Huawei has introduced the first Dual-Matrix camera system embedded in the HUAWEI P50 Pro. The main camera on the HUAWEI P50 Pro is assembled from two lenses, consisting of one RGB lens, one monochrome lens, and a multi-spectrum sensor adapted to advances in the AI-Raw concept.
This allows the main camera on the HUAWEI P50 Pro to be able to maintain the authenticity of the colors of the resulting photos. In this article, Huawei will describe how the camera system on the HUAWEI P50 Pro can capture more realistic images.
Most people are confused when it comes to choosing the right camera to take photos. Although many smartphones feature cameras with a very large number of pixels, when zoomed in, the resulting photos look blurry.
In fact, imaging capabilities (imaging) at night is also worse. This is what makes the photo less realistic. Not even a few people see it tends to be similar to an oil painting due to the insufficient amount of light entering the camera sensor.
For example, the color sensor found in most smartphone cameras on the market basically uses a Bayer setting with 4 color pixels as a single unit. Light consists of 3 main colors, namely Red (red), Green (green), and Blue (blue).
In this case, the Bayer settings use the RGBG format (red, green, blue, green). However, this type of color filter allows only one color of light to enter. For example, for a white light color sensor, only a third of the light intensity can propagate to each pixel.
If only green light enters, then pixels R (red) and B (blue) will not receive any photos. This method not only limits most of the light intensity received by each pixel, but it also doesn’t make the significant difference that the other two colors should make when displaying a single color.
Pixels that do not receive photons will display a black image image. Therefore, many cameras use an interpolation algorithm during image imaging to fill in missing pixels with the surrounding color.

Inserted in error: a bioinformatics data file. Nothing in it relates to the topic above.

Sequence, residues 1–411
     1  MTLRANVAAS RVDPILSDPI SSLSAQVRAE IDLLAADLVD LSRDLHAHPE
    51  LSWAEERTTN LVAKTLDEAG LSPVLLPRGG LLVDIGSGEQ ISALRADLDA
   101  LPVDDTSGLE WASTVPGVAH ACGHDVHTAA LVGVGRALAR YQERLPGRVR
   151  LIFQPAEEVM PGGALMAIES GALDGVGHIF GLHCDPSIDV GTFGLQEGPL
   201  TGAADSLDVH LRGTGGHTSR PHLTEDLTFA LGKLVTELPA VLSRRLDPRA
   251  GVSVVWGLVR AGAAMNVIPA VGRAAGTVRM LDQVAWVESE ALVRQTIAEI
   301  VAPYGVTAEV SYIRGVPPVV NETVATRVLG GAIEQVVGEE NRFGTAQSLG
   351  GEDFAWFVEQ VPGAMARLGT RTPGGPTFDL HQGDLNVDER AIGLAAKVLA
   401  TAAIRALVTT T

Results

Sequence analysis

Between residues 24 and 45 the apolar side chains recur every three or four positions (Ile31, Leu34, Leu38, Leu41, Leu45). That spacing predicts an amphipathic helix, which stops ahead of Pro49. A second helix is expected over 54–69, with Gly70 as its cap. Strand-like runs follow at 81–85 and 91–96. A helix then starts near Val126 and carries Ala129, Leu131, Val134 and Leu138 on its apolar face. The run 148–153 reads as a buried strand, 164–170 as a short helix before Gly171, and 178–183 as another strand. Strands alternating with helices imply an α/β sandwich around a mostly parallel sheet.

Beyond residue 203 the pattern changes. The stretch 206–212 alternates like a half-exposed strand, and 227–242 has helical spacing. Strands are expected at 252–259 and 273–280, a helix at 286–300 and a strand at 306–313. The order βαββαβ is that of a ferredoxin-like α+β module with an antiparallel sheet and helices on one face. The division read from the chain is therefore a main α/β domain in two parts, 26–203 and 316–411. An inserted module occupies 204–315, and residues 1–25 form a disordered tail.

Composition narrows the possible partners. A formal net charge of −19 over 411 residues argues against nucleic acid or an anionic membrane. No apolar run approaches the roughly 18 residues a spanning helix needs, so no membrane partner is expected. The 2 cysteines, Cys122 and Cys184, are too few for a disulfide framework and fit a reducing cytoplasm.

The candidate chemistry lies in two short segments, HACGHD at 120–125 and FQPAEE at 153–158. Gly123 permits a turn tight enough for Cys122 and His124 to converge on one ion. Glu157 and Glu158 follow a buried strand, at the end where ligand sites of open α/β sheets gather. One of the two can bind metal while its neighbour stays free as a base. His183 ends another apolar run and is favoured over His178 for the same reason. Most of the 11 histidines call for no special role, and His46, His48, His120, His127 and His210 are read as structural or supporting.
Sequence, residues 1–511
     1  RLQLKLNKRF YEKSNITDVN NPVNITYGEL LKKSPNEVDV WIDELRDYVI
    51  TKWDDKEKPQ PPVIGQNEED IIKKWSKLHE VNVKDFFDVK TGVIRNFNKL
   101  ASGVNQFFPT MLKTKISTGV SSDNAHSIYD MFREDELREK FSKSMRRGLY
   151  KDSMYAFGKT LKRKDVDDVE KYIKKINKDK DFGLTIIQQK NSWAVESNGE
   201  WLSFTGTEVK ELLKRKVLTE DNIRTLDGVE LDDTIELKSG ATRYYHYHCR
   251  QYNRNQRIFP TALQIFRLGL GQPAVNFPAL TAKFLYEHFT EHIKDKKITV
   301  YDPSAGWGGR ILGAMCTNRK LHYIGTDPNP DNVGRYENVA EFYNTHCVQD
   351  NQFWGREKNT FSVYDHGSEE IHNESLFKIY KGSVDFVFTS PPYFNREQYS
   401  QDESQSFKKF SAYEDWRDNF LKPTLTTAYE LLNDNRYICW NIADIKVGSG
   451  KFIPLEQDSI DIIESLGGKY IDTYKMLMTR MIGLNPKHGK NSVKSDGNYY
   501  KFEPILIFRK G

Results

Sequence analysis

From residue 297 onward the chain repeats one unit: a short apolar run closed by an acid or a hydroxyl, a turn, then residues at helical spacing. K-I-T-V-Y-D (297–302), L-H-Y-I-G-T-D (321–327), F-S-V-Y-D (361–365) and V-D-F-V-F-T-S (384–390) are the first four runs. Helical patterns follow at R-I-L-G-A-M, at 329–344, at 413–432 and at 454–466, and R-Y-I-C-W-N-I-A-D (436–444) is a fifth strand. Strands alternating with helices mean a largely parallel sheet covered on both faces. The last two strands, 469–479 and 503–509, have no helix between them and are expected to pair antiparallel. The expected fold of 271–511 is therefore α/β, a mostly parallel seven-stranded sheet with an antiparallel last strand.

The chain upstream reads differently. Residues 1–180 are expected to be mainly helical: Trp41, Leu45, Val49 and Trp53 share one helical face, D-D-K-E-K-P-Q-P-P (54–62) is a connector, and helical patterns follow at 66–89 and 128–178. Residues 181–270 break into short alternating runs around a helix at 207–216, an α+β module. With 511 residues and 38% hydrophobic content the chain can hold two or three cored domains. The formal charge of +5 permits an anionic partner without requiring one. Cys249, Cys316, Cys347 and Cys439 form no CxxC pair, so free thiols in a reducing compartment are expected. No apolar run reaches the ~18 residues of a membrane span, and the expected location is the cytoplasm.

This shouldn’t be a problem. However, the brightness of the pixels filled with the interpolation algorithm is indeterminate, and can be inconsistent with the surrounding color causing the image to look like an oil painting.
In addition, many smartphone photos look good at first glance, but when zoomed in, the pixel detail will show poor results such as greasy. This problem is more obvious when taking photos at night or when the ambient lighting has decreased.
The relatively low brightness at night and the limited brightness of the filter causes the sensor to receive more pixels without photons, resulting in images that look less real or even worse.
To directly avoid this situation is to increase the amount of light entering the sensor. Even using the same RGB color sensor, this can only increase the pixel sensor’s sensitivity to light or reduce its shutter time.
On the other hand, this creates two more problems. Increasing sensitivity will also increase sensor noise (noise), resulting in an image with red dots like specks. In addition, if you want to extend the shutter time, you must need good sensor stability.